The talks between Shastri and Mrs. Bandaranaike began in New Delhi on October 24, 1964. Before she went, she did not consult me or the CWC about the problem of the stateless. What was worse she refused permission for me and other CWC leaders to travel to India to present our case to the Indian Government. This was the setting for the Shastri-Sirima talks which led to the signing of an agreement which did not solve the stateless problem. But, it created a host of others…

I was angry about the agreement. I condemned it and called it a ‘horse deal’. I pointed out that neither the Indian nor the Ceylon Government had the right to negotiate and decide on the fate of the Ceylon Indians without consulting their representatives. I also accused Mrs. Bandaranaike of conducting negotiations behind my back. She had reacted with anger and on her return from New Delhi she had informed Parliament that the registered Ceylon Indians would be placed on a separate electoral Register. This was a scheme introduced by Sir John Kotalawela but condemned as retrograde by S.W.R.D. Bandaranaike and dropped…

I was always opposed to the Shastri-Sirima Agreement. I have at all times – even to this day – frankly declared that the Indian Government had made a mistake in ‘trading’ the rights of nearly half a million Ceylon Indians in this way. The majority of those repatriated were born in Ceylon – only their ancestors had come from India. The ‘sin’ for which they were repatriated was that they were of ‘recent Indian Origin’. The Indian Government through its High Commission Offices in Colombo and in Kandy had carried on a high-power campaign to persuade Ceylon Indians to opt for Indian citizenship on the promise of ‘rehabilitation’ adequate to enable them to start life anew in India.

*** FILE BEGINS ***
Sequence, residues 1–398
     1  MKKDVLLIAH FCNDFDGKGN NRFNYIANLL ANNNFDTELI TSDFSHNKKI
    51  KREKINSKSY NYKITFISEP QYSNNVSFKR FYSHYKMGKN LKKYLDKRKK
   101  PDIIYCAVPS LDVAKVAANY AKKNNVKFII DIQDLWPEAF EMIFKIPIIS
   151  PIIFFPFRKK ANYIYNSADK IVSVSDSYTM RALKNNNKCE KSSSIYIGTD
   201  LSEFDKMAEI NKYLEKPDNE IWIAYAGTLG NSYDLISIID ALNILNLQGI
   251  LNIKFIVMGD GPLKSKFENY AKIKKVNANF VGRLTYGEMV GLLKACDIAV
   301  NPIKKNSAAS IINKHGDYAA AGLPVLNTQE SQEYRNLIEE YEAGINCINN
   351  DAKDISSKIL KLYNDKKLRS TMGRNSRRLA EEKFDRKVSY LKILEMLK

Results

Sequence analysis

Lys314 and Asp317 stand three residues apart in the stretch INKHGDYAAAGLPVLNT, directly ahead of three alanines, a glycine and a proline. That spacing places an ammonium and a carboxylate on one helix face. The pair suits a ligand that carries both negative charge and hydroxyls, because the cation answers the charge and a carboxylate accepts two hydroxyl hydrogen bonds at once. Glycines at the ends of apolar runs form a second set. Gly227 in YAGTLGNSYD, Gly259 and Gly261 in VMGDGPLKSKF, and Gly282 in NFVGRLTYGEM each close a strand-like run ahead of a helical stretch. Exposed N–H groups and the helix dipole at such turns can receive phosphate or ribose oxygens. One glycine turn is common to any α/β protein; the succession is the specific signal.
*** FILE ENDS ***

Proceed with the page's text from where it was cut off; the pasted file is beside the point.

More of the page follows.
This is how the Agreement was made ‘operational’. I shall at the appropriate time and place refer to the near total failure of the rehabilitation schemes of the Indian Government. Apart from this, 15 years after the signing of this Agreement over 80,000 of those who had registered themselves as Indian citizens were still in Ceylon – Sri Lanka by that time – and this in spite of two Acts to implement and hasten the repatriation…

...In December 2, 1964, [sic; the date was December 3] I had abstained from voting on the controversial Press Bill. My abstention had ensured the defeat of the government by one vote. If I had voted with the government it would have been a tie and the Speaker would have had to cast his vote in favour of the government and a defeat could have been averted….

For expressing opposition to the Press Bill I came under heavy attack from pro-Mrs. Bandaranaike SLFPers and LSSP stalwarts. Even the usually staid Mr. A.P.Jayasuriya had declared that I was ‘reactionary and an imperialist…’ [dots as in the original.] The LSSP, through its Lanka Estate Workers Union had mounted a campaign to discredit me. But, they failed to turn the plantation workers against me.

 SLFP Period (1970-77)